Token Warrant Agreements Free Template and Guide
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This article covers all there is to know about token warrants and includes a free token warrant template created by the team at Legal Nodes. In case you need help with customizing the template, request a demo of our platform or send us a message in chat.
In this article, we’ll cover:
- What a token warrant agreement is and how it actually works
- When a token warrant agreement is typically signed
- Similarities and differences between the token warrant and the token side letter
- How to choose between a token warrant and a token side letter
- What the terms of the token warrant (and the token purchase right terms) include
Before we get started, we’d like to remind you that everything in this article is for educational and informational purposes only, and is not legal advice.
What is a token warrant agreement?
A token warrant agreement, commonly referred to as simply a “token warrant” and also known as a “token purchase right”, is a document often used by Web3 projects to attract early-stage investments. It gives investors the right to purchase a portion of tokens during the initial token sale, as well as fixes the price of the tokens.
How does a token warrant work?
The concept of the token purchase right in a token warrant can be roughly reduced into its three main features:
- it legalises a right but not an obligation of an investor: the investor is free to choose whether to proceed with the purchase or not;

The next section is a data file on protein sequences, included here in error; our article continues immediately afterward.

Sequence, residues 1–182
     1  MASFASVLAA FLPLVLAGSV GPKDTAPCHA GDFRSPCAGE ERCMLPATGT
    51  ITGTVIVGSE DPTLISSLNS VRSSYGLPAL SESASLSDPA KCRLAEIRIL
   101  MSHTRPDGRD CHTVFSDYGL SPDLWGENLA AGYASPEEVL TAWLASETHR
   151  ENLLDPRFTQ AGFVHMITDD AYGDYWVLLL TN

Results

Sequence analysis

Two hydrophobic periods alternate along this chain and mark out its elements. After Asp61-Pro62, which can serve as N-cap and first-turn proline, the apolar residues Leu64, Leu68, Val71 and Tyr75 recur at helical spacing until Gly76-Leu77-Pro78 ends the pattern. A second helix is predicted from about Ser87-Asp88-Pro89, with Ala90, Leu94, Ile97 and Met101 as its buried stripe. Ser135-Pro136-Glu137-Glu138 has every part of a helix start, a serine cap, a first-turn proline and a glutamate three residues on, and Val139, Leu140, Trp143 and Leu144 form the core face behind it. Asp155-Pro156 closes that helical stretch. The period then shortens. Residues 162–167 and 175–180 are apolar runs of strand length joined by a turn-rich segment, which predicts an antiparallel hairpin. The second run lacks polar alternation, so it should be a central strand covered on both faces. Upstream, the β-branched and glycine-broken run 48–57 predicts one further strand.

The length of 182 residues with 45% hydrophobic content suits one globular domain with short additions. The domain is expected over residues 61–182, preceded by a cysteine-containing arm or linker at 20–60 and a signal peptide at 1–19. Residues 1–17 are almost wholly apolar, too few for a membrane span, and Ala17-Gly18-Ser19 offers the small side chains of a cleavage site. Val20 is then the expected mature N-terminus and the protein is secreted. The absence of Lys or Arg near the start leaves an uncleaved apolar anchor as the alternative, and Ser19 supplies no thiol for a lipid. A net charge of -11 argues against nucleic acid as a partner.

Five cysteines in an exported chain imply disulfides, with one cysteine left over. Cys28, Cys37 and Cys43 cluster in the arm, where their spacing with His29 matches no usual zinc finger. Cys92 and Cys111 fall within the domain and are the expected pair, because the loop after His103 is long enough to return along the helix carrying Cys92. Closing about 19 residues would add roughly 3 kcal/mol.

- the token warrant is not used for automatic (unconditional) issuances: the investor has to pay an additional consideration for tokens should they decide to execute their token purchase right; and
- the price at which the investor buys the tokens in the future is fixed by the token warrant. It thus puts the investor in a better position when redeeming their tokens compared to purchasers during the initial token sale, as the actual price of the token at the time of the token generation event is typically much higher.
When is the token warrant signed?
The token warrant is signed when:
- Investors are interested in both tokens and shares and a supplementary document is needed to secure their interest and rights to the tokens.
The main document of the investment deal is a convertible equity instrument, such as a SAFE. The token warrant is signed as an additional document, which, although autonomous, relies on the equity agreement in its conversion formula;
- The tokens have not yet been issued, and, in most cases, the tokenomics is still in development; and
- From the entire Web3 legal wrapper structure, only a single DevLab has been registered. Therefore, the token warrant is signed by this DevLab rather than by a Token SPV.
It’s important to note that these three circumstances apply to the signing of the token side letter too.
What do the token warrant and the token side letter have in common?
These two documents are used in pre-seed Web3 fundraising and share a number of similarities. In particular, both the token warrant and the token side letter:
- have the same signatory, the DevLab company;
- are supplemental to convertible equity investment documents, such as SAFEs (simple agreement for future equity) or convertible notes; and
- use the same formula for calculating the portion of investor’s tokens.
What are the differences between the token warrant and the token side letter?
Despite being related, appearing at the same point of the Web3 fundraising process, and having similar sounding names, the token warrant and the token side letter are sisters, not twins. In terms of issuing tokens, the way they function is fundamentally different.
For the token side letters, the same company that signs it, the DevLab, is also responsible for converting the document into tokens. To do that, it first receives the allocated number of tokens from the token-issuing company, the Token SPV. It then makes transfers to investors who hold token side letters, as well as other core contributors to the project ecosystem such as developers, advisors, etc. who hold token options and either have contracts with the DevLab or are employed by it.